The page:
Stereoscopic stop motion creates a 3D effect by layering two 2D images over each other. Stereoscopic stop motion animation has been used only a handful of times in film history, and mostly for short films. This is mostly because 3D film did not become very popular until the 1950s and had a resurgence in the 80s. The first instance of this technique was the 1939 short film “In Tune With Tomorrow” also known as “Motor Rhythm” which was a promotional film for Chrysler, made for the World Fair. The 2009 film Coraline is the first feature length film to use this technique for every shot.
Go Motion was a technique developed for the 1980 film The Empire Strikes Back, to make the movement of the All Terrain Armored Transport robots appear more smooth. Phil Tippett, the effects supervisor for the film, had a background in stop motion animation before working on the Star Wars films and later on Jurassic Park. This technique involves programing a computer to move the model slightly during the shot, along with the traditional hand technique, to create a more realistic blur of movement. The technique has origins in earlier, crude blurring effects by early to mid 20th century russian filmmaker Ladislas Starevich, which involved moving props during the exposure of a frame to create a blurring effect. However, even this relatively new technique is not very common because blurring is now mostly done in post production for major motion pictures.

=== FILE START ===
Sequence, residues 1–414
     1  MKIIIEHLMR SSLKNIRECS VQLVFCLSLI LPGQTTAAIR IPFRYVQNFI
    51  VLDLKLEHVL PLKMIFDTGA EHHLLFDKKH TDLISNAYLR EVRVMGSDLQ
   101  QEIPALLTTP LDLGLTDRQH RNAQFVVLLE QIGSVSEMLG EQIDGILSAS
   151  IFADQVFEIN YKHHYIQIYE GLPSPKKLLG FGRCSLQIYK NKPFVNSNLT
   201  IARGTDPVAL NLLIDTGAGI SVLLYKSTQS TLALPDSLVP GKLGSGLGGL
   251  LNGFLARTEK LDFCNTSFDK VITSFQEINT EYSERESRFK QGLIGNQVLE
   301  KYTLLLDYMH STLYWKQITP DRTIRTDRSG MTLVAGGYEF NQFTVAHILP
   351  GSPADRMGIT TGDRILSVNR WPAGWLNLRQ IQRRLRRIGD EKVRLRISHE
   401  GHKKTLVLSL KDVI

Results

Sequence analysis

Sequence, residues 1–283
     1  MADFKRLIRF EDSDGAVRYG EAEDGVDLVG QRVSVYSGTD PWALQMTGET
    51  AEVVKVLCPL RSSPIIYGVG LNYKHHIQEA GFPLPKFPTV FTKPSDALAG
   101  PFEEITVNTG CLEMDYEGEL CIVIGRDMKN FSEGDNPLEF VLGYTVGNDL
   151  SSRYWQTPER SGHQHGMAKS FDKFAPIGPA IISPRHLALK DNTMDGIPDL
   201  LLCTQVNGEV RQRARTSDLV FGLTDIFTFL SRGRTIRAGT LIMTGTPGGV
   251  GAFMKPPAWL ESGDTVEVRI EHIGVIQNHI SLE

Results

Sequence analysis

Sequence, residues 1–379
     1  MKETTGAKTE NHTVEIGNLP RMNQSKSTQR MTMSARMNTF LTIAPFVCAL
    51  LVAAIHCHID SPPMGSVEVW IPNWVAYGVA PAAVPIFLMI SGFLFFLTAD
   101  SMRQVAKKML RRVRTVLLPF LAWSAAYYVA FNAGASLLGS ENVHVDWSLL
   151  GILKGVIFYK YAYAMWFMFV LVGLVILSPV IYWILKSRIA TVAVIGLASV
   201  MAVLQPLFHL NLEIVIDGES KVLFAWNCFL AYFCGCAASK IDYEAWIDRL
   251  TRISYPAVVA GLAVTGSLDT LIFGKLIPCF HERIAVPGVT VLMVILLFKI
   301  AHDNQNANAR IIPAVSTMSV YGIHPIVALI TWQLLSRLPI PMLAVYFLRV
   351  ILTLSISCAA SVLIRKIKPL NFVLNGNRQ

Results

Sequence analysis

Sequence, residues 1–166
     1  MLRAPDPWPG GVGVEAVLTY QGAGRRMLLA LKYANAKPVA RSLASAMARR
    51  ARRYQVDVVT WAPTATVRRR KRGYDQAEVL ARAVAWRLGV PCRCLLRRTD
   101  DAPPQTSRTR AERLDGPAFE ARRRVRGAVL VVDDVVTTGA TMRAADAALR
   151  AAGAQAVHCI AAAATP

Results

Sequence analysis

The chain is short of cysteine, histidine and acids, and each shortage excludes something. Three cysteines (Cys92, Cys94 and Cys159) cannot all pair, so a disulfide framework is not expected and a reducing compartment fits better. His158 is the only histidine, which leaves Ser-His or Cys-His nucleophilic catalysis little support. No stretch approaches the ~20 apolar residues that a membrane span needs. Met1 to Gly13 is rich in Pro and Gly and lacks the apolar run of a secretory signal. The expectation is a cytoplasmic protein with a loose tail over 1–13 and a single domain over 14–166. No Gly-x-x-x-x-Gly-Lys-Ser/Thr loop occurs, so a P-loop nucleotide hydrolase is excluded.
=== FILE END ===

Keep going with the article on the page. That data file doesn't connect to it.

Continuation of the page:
The form of stop motion animation I am most familiar with is Clay Animation, popularly known as Claymation.
Popular claymation films include Tim Burton pieces, such as The Nightmare Before Christmas and Corpse Bride. The first known film to feature Claymation was a trick film titled “A Sculptor’s Welsh Rarebit Dream.”
I have a particular affection for the Wallace and Gromit claymation films, a story about an eccentric inventor, Wallace, and his trusty beagle, Gromit, which my grandparents beagle was named after when I was growing up.
What I really love about the Animation Station is that it reminds me how technology and science often combine to create art. Lots of exhibits explore the technology and science behind art such as the OscylanderScope, which shows the vibrations of guitar strings, Giant Xylo Pipes: The Science of Sound, which allows users to investigate pitch and octaves in music, and the Theremin, which allows users to make music using electromagnetic fields. So, next time you’re at WonderLab remember there are lots of exhibits which can show you how science, technology and art are all interconnected. The Animation Station is just one of many examples.
About the Writer: Abby Bainbridge is studying Journalism with a concentration in Public Relations, as a member of IU’s class of 2021. She is a writing and content development intern in the marketing department at WonderLab Museum of Science, Health and Technology. She avid movie fan who was excited to have an excuse to play with the Animation Station and learn about stop motion animation for this blog.